Barrington: There’s only one basketball. James Harden and Chris Paul have learned how to share it, but there really isn’t any room in their scheme for another ball-dominant player. Threesomes never turn out to be as fun and exciting in real life as they are in fantasy, somebody always gets left out, and this time it’s Carmelo.
Wilco: Never been much of a fan of guys like Anthony who hadveall the talent in the world, but only shined when (like Carmelo was in the Olympics) surrounded with the best guys in the game. I’ve always preferred players who were able to raise the level of the people they played with. Now that he’s leaving his third team in as many seasons I can’t say I’d miss him if he left the league. I wouldn’t be surprised if he took a Marbury-type contract to lead a team in China’s league.
What was the biggest factor in the Spurs win over the Golden State Warriors on Sunday night?
Dubinski: Referring back to my first answer, I think going back to that original starting line-up helped tremendously. The starters looked more like they did to start the season, and White fits in better with a bench unit that is ripe with gunners but lacks a facilitator (especially with Pau Gasol out). It also didn’t hurt that Aldridge finally broke out of his shooting slump, while the Warriors’ two remaining All-Stars combined to shoot 19-51 from the field.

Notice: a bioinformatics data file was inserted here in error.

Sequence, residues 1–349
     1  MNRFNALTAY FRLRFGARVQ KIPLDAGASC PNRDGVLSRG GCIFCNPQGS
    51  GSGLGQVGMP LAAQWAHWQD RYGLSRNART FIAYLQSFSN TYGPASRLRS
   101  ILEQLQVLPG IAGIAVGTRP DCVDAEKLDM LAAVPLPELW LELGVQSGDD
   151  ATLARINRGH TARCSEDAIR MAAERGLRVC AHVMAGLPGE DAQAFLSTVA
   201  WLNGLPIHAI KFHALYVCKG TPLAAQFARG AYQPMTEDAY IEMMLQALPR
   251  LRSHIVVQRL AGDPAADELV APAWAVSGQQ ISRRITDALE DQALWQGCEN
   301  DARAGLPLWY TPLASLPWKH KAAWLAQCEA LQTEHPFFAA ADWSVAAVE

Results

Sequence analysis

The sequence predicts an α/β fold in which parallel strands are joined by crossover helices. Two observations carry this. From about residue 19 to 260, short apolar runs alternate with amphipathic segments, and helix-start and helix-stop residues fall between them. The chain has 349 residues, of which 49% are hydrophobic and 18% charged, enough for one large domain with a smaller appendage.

Passos: The Spurs could’ve made all the adjustments in the world, but it probably wouldn’t have mattered if the Warriors were at full strength. If we have to isolate one thing, it’s them regressing to a beatable team without Curry perpetually subverting the defense’s best intentions.
Gomez: Pop coached it like a playoff game. He shortened the rotation and staggered minutes so that one of DeRozan, Aldridge or Gay was on the court at all times. The execution was sharp, which shows the players also took the game seriously. None of that would have mattered had the Warriors been at full strength in all likelihood, but they weren’t, so the Spurs got the win.
Barrington: Well, obviously, it was due to the Spurs signing a second player to a two-way contract. The Spurs are undefeated since Ben Moore has been on the team. Also, the fact that Golden State was missing several of their best players might have been a contributing factor—they didn’t have the one guy who makes the offense work or the other guy who makes the defense work. And the Spurs were at home. It was still a good win, but it probably wasn’t indicative of what would happen if the teams were meeting at full strength.